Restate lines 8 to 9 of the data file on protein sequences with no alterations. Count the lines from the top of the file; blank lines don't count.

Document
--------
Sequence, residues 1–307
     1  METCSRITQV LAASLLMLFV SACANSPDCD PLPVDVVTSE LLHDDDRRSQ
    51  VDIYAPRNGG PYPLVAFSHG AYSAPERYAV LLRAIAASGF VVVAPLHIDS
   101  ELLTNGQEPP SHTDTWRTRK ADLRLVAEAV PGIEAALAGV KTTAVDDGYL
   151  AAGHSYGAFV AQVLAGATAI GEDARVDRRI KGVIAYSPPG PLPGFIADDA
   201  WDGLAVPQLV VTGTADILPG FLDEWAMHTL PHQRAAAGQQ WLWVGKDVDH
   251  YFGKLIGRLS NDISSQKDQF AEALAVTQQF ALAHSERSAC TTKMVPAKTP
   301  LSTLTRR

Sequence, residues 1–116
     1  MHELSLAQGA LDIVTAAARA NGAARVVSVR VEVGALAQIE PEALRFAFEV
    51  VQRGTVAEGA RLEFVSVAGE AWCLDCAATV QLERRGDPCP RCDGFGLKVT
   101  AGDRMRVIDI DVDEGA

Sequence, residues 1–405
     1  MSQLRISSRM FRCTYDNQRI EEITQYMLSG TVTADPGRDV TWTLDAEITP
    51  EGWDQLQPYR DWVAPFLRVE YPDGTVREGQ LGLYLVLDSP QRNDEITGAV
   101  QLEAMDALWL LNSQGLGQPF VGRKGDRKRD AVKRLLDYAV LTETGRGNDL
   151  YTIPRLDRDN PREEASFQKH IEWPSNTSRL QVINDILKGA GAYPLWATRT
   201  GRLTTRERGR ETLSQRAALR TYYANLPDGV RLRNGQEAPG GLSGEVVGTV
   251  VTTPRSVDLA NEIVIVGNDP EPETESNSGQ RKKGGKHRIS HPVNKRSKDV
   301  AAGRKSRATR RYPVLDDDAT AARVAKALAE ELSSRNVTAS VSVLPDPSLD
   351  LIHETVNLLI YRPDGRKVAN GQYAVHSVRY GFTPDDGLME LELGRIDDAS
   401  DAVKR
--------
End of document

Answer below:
   301  LSTLTRR

Sequence, residues 1–116